Benjamin Lamb won the district championship, followed by Aabid Razvi in second and Michael Sprintston, who won third. The top three finishers in the district meet advance to the state meet to be held at the Texas State Capitol in Austin in January.
It marks the second straight year AMCHS has swept the top three spots in the UIL Congressional Debate meet. In 2015, Lamb placed second and Razvi placed third in district.
Congressional Debate is an individual contest in a large group setting. It models the legislative process of democracy, specifically, the United States Congress. Within this mock legislative assembly competition, contestants draft legislation submitted to the tournament, and they research the docket of bills and resolutions dealing with real-world social and political policies prior to the contest to prepare their speeches.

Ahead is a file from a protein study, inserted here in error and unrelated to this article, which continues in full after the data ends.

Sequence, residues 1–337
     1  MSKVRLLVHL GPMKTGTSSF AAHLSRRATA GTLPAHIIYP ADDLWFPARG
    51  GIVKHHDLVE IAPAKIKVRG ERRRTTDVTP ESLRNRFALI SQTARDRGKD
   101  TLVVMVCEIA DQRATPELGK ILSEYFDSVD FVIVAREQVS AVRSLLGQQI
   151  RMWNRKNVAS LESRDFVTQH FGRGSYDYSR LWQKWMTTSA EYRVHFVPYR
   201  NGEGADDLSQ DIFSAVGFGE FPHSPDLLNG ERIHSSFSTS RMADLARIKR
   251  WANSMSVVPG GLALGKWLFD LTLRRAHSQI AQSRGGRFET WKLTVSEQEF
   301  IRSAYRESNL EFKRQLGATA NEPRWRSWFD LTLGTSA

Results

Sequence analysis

At the tournament, students caucus in committees, deliver formal discourse on the merits and disadvantages of each piece of legislation, and vote to pass or defeat the measures they have examined. Parliamentary procedure forms structure for the discourse, and students extemporaneously respond to arguments over the course of a session.